Dragon Dynasty was founded in 2006 as a joint venture between The Weinstein Company and Genius Products.  While at Dimension Films, the Weinstein brothers acquired the distribution rights to a handful of Hong Kong action films, which could have made Dimension the first major Hollywood studio to distribute Asian action films since the Kung Fu boom of the 70s. However, parent company Disney kept getting cold feet, and the film's ended up shelved. ( Including the critically acclaimed Drunken Master II which the Weinsteins acquired in 1994 and wasn't released until 2000 ). When the Weinsteins parted ways with Disney to form The Weinstein Company, they took with them the distribution rights to 43 films including some Dimensions had already released on laserdisc. This was part of a deal with Fortune Star, the company that held most of the Golden Harvest film library along with a lot of prominent independent Hong Kong action films. Dragon Dynasty's other partner, Genius, had just bought Fox Lorber, who in the mid 90s had released John Woo's The Killer ( 1989 ) and Hard Boiled ( 1992 ) on VHS, and still held the North American distribution rights to both films. Both Genius and The Weinstein Company had plans to release Hong Kong films on DVD, and both held the rights to films each other wanted. Which is why both combined forces.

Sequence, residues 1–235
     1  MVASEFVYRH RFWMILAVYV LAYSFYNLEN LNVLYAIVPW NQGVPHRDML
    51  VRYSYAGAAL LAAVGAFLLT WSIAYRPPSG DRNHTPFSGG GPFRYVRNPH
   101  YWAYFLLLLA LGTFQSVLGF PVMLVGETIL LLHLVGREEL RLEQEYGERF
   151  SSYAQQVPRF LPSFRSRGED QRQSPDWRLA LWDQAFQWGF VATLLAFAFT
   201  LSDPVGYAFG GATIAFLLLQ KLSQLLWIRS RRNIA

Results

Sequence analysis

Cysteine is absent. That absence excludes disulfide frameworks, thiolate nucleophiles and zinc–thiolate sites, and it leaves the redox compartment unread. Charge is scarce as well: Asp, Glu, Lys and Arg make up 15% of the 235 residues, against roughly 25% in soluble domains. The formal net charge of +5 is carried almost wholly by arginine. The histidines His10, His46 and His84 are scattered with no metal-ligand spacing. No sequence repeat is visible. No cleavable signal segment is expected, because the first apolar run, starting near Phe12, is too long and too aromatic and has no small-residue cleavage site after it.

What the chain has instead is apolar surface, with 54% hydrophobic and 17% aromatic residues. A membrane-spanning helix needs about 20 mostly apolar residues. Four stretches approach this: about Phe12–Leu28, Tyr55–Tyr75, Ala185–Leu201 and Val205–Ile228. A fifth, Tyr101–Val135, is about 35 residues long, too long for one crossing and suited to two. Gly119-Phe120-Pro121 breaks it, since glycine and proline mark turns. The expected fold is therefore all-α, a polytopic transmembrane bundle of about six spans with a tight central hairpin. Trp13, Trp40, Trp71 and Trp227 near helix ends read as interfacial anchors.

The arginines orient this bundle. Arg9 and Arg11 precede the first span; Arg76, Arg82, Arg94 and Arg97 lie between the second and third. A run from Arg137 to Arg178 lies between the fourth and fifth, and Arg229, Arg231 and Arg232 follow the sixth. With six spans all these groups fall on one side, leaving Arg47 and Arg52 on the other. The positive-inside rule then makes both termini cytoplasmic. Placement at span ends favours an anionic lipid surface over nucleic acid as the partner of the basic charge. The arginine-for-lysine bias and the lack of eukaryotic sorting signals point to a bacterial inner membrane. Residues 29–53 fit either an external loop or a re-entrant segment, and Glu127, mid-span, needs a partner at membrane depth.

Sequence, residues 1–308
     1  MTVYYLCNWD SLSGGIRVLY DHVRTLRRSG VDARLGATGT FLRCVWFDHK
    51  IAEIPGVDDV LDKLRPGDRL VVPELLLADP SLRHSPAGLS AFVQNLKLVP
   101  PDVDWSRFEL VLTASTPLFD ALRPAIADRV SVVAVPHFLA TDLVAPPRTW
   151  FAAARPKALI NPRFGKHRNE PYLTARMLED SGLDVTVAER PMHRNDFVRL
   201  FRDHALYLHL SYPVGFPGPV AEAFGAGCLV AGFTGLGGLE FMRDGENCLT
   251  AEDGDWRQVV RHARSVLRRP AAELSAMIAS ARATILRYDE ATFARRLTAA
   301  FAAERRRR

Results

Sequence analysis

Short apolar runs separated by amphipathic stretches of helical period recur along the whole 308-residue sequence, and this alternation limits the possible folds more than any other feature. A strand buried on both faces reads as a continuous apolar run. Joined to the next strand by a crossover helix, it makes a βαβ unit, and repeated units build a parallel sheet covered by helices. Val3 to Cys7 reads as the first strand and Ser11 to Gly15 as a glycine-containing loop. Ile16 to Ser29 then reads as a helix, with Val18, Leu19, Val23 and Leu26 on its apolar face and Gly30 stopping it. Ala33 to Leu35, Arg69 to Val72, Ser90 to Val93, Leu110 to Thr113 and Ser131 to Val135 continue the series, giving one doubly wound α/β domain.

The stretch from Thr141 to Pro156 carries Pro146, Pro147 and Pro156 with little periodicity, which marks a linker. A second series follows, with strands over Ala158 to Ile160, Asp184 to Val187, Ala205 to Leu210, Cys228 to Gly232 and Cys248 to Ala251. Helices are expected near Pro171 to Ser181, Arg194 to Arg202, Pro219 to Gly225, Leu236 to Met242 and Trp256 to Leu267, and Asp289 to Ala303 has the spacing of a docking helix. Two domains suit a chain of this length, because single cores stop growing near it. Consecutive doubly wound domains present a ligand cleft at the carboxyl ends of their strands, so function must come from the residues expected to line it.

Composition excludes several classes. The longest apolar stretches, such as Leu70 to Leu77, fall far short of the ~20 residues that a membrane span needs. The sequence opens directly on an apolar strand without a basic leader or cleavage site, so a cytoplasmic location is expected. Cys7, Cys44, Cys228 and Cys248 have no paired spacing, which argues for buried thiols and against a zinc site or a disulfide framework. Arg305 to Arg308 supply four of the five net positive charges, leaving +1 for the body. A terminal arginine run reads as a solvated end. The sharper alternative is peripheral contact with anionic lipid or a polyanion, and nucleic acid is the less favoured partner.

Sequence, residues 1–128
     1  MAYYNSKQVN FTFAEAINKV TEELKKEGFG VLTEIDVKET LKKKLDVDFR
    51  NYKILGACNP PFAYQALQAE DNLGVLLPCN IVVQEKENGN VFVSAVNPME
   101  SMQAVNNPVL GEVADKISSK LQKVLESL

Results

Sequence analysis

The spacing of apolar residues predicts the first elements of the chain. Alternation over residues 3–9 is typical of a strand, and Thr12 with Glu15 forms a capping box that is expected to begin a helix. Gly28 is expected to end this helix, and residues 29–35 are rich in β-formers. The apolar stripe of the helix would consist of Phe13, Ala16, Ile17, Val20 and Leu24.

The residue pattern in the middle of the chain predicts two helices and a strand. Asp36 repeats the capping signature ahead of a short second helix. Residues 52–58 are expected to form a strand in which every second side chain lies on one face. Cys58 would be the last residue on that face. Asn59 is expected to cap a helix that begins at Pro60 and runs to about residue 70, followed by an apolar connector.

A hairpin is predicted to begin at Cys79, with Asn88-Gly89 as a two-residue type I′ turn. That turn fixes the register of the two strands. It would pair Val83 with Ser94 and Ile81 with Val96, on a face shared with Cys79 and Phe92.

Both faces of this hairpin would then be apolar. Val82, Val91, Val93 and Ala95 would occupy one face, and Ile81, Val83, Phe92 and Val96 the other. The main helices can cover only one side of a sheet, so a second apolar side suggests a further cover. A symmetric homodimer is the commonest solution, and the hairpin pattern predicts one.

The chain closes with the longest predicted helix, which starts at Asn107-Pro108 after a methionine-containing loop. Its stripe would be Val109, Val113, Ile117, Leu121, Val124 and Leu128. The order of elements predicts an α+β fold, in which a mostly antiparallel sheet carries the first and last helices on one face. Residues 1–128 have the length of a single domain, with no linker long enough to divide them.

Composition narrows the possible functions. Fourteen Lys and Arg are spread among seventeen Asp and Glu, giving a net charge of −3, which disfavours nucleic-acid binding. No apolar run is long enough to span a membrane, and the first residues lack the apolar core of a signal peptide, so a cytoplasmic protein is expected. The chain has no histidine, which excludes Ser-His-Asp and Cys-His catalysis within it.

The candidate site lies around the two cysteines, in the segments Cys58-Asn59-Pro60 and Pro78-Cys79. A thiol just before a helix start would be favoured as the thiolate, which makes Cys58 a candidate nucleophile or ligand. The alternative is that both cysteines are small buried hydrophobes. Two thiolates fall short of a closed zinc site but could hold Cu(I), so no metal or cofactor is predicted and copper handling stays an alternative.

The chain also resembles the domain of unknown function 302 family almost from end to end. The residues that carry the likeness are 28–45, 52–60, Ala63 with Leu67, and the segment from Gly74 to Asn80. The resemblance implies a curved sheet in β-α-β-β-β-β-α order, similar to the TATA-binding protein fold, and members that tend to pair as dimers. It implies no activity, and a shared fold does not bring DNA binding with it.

One of the driving forces behind Dragon Dynasty was director Quentin Tarantino who was a huge fan of Asian action films and advocated for The Weinstein Company to release all the film's they had rights to on DVD. Behind The scenes Tarantino worked as a consultant, advising Dragon Dynasty on which films to release or acquired the rights to. Another consultant was Hong Kong film expert Bey Logan, who ran a blog on the Dragon Dynasty website, and contributed most of the commentary tracks on the DVDs. A resident of Hong Kong for most of the year, Logan knew which new films had the best chance of becoming action classics, and advised the company which ones to acquire the rights to. Tarantino strength was knowing which films from the past were classics. When Dragon Dynasty negotiated with Celestial Films for the rights to 50 Shaw Brothers films, Tarantino advised them on which films to get, and which to release first. He was also instrumental in getting Dragon Dynasty to acquire a film from Thailand, Tom Yum Goong ( 2005 ) starring Tony Jaa, which was retitled Quentin Tarantino presents: The Protector. The beginning of Dragon Dynasty releasing action films made outside of Hong Kong.